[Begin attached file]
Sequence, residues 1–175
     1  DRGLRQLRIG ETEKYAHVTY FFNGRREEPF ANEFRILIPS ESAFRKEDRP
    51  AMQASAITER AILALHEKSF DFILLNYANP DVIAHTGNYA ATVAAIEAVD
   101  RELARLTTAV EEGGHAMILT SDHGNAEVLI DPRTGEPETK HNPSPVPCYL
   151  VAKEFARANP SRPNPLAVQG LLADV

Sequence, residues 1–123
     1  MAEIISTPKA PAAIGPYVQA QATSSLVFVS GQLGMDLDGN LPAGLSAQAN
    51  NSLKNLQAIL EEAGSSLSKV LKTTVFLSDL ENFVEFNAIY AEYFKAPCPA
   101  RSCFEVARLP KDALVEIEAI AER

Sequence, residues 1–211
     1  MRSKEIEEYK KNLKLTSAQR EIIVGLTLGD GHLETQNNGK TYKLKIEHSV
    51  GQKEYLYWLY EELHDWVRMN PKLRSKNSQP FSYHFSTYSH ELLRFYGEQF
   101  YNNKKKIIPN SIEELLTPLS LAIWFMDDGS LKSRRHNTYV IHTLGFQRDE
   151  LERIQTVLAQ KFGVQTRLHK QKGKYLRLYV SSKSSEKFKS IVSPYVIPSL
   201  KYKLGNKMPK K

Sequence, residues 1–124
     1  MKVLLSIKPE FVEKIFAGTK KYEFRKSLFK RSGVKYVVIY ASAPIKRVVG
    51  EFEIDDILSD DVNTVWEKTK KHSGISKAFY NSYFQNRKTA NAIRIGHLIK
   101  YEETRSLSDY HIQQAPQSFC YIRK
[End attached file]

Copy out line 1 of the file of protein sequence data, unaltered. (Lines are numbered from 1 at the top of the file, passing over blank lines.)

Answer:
Sequence, residues 1–175